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Re: a warning to implement

Gabriel Dos Reis <> writes:
> Richard Sandiford <> writes:
> | Gabriel Dos Reis <> writes:
> | > I'm not sure I can represent on this public list, opinions expressed
> | > on closed mailing-lists.  However, you might want to consult
> | > c++std-core archive.  You'll discover people have use of
> | > self-initialisation even if you cannot imagine such use.
> | 
> | But if gcc doesn't behave the way these people expect, that sounds
> | like an even better reason to warn as part of -Wall.  
> Then T is a user defined type,
>    T x = x;
> should be implemented correctly by GCC.
> | If gcc
> | implements the intended behaviour at some point in the future,
> | we could stop -Wself-initialization or whatever from warning
> | about those cases.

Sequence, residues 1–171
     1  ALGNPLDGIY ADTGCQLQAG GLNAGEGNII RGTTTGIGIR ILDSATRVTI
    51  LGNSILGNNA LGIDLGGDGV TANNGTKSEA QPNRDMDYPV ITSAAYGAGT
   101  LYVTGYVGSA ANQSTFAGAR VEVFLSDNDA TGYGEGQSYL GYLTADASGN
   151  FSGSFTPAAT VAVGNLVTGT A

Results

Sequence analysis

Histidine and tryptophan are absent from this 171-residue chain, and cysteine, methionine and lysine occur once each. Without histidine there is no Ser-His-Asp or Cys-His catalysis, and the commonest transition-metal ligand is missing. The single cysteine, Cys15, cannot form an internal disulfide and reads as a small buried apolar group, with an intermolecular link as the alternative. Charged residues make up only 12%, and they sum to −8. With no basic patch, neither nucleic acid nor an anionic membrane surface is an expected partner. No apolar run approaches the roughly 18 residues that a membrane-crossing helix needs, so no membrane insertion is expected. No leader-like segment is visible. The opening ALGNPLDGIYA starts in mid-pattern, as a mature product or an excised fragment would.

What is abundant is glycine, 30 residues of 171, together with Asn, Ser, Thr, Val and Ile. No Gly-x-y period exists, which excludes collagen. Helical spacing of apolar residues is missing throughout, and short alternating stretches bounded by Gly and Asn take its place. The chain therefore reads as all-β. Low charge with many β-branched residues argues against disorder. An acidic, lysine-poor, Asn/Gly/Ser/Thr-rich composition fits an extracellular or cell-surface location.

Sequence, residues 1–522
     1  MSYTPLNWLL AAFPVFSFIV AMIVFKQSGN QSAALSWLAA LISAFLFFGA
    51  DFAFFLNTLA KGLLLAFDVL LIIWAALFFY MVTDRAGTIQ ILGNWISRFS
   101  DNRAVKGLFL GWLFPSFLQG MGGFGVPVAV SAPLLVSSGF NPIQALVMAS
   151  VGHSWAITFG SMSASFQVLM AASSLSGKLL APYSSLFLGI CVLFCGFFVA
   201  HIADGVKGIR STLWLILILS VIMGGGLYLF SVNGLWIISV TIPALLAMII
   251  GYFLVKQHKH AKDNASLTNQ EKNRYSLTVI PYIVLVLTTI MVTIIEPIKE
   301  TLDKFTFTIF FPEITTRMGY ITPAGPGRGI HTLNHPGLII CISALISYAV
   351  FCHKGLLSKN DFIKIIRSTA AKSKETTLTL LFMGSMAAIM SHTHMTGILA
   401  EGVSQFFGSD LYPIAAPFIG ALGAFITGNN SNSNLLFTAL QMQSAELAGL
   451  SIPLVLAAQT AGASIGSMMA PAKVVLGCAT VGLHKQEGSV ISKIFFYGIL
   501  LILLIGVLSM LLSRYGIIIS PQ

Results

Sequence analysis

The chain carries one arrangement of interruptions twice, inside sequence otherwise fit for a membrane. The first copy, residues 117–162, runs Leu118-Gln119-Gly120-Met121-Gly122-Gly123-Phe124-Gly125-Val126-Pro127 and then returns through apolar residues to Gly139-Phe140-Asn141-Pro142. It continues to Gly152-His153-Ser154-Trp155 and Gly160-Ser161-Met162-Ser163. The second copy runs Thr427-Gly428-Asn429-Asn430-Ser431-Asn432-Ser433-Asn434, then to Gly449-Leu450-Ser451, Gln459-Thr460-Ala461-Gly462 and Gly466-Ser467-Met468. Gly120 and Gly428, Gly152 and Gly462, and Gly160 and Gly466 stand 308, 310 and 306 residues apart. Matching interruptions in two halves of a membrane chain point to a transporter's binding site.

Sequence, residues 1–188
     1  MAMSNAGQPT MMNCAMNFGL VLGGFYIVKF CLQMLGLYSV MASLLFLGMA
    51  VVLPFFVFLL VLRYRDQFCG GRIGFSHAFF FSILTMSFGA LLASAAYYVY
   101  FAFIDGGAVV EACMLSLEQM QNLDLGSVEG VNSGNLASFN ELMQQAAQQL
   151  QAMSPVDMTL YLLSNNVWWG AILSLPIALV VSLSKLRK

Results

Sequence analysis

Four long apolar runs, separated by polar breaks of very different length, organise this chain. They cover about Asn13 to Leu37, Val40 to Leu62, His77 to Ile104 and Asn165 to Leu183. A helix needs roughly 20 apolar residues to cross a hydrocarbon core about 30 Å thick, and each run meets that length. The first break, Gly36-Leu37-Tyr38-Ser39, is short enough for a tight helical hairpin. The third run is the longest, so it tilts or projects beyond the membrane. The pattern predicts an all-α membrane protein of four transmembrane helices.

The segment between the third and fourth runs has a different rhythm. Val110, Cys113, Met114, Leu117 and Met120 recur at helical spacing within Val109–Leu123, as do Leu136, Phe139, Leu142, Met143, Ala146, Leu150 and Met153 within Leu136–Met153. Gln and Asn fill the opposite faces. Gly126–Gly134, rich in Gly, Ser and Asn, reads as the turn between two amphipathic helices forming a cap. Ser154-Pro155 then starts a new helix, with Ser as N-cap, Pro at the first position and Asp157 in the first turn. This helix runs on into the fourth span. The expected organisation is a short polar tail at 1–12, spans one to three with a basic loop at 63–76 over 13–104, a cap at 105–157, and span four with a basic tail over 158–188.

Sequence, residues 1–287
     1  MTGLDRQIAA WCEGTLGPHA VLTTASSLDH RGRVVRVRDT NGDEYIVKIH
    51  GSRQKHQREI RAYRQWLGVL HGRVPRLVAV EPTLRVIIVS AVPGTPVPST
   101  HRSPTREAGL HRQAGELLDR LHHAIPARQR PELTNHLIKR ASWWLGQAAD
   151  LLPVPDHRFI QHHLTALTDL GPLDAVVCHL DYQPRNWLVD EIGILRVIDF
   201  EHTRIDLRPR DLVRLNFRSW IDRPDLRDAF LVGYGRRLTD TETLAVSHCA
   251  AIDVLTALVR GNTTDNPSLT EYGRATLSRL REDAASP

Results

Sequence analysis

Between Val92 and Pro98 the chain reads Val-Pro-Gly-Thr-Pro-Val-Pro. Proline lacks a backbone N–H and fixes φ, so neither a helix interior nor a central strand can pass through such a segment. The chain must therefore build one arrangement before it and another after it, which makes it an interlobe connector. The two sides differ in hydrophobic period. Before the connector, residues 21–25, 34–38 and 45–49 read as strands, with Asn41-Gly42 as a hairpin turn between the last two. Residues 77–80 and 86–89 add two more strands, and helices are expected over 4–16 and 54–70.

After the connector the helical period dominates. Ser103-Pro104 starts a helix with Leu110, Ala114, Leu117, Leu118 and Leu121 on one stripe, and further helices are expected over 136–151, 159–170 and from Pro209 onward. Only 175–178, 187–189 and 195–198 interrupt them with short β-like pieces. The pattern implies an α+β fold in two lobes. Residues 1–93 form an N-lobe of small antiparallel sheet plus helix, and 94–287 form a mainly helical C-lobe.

> Now you'll have to argue why you're stopping something documented used
> to work as documented.

My suggestion was to warn only about cases when we can detect the
behaviour is not documented or well-defined.  The option itself could be
documented that way.  If the behaviour of more self-initializers becomes
defined over time, the number of cases we warn about would go down.

>From that point of view, the warning wouldn't trigger for:

    T x = x;

in the well-defined cases you're talking about, but would, for example,
when T==int (which was the example that the original poster gave).  If
the warning worked that way, would it be OK for -Wall?


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